Phonological Profiles of 2-Year-Olds With Delayed Language Development Predicting Clinical Outcomes at Age 3 Research Article
Research Article  |   February 01, 2003
Phonological Profiles of 2-Year-Olds With Delayed Language Development
 
Author Affiliations & Notes
  • Cecyle Perry Carson
    University of Wyoming, Laramie
  • Thomas Klee
    University of Newcastle Upon Tyne, England
  • David K. Carson
    University of Wyoming, Laramie
  • Linda K. Hime
    University of Wyoming, Laramie
  • Contact author: Dr. Cecyle Perry Carson, Division of Communication Disorders, University of Wyoming, University Station, Box 3311, Laramie, WY 82071-3311. E-mail: ckperry@uwyo.edu
Article Information
Special Populations / Language Disorders / Speech, Voice & Prosody / Research Articles
Research Article   |   February 01, 2003
Phonological Profiles of 2-Year-Olds With Delayed Language Development
American Journal of Speech-Language Pathology, February 2003, Vol. 12, 28-39. doi:10.1044/1058-0360(2003/050)
History: Received September 10, 2001 , Accepted February 22, 2002
 
American Journal of Speech-Language Pathology, February 2003, Vol. 12, 28-39. doi:10.1044/1058-0360(2003/050)
History: Received September 10, 2001; Accepted February 22, 2002
Web of Science® Times Cited: 18

Twenty-eight 2-year-olds were screened for language development using the Language Development Survey (LDS; L. Rescorla, 1989) and underwent a clinical evaluation within a month following LDS administration. Six measures of phonological development were derived from 20-min language samples of parent-child play interactions, including number of different consonants, number of different consonants in the initial and final positions, number of different consonant clusters in the initial and final position, and percentage of closed syllables shapes. Comparisons were made among 3 groups: (a) those who screened positive on the LDS (LDS+) who were within normal limits on follow-up, (b) those who were identified as language delayed (LD), and (c) children who were language normal (LN). Results revealed that children who were LDS+ and LD had comparable phonetic profiles. The LD group had significantly lower scores on all phonetic measures tested, as compared to the LN group. Clinical recommendations were available on a subset of 13 children who were reassessed at age 3. Children who received "monitor" or "treatment" recommendations at age 3 had significantly lower z scores on measures of phonetic development recorded at 2 years of age than toddlers who received a recommendation of "no concerns" at 3 years. Our preliminary findings indicated that the more delayed the 2-year-old child was in phonological development, the more at risk the child was for continuing delays at age 3.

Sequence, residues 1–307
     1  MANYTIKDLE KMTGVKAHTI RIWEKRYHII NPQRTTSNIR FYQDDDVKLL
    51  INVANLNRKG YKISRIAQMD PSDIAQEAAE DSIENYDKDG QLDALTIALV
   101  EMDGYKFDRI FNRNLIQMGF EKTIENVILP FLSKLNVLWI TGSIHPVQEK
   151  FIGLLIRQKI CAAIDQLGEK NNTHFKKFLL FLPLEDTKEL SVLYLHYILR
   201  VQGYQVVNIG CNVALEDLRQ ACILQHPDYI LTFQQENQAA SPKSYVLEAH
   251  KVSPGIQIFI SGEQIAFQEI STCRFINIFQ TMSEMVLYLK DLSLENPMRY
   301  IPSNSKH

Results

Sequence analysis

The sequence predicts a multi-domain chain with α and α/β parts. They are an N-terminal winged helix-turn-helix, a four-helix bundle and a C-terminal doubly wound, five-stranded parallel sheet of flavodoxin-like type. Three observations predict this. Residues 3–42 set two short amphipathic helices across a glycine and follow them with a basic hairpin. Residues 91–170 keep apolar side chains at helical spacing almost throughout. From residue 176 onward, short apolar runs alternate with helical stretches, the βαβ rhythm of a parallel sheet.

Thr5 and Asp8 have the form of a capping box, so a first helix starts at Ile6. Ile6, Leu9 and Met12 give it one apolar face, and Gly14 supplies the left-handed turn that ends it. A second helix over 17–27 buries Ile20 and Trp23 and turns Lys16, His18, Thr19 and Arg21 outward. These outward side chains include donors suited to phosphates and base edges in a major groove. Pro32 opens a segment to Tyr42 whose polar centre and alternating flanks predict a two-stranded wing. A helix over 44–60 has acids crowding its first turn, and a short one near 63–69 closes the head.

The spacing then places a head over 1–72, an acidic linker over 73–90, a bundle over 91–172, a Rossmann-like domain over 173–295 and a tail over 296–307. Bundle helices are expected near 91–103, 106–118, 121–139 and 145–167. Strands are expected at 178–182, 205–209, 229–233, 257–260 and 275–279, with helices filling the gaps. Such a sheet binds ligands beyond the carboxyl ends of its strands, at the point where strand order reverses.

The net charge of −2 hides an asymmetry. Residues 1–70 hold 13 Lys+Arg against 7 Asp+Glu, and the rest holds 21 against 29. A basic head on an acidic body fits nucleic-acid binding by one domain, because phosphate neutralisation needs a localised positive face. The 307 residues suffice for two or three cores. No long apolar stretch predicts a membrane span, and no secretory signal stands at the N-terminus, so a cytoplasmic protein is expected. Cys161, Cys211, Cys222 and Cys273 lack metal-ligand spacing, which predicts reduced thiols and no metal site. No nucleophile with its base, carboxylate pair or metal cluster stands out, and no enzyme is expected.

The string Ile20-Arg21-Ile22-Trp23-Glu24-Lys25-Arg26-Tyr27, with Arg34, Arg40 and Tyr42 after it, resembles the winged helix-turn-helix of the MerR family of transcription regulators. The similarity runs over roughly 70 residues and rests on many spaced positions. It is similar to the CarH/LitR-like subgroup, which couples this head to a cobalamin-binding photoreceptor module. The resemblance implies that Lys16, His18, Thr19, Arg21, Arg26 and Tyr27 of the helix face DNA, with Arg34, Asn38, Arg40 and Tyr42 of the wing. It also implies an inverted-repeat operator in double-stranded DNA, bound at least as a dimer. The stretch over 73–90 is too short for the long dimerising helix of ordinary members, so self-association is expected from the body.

Acknowledgments
The authors thank the families who allowed their children to participate in this study. They also acknowledge the critical contributions of Dr. Cynthia Johnson. This project was funded in part by the Kahn Foundation, University of Wyoming. A portion of this work was presented at the annual convention of the American Speech-Language-Hearing Association, Boston, 1997.
Order a Subscription
Pay Per View
Entire American Journal of Speech-Language Pathology content & archive
24-hour access
This Article
24-hour access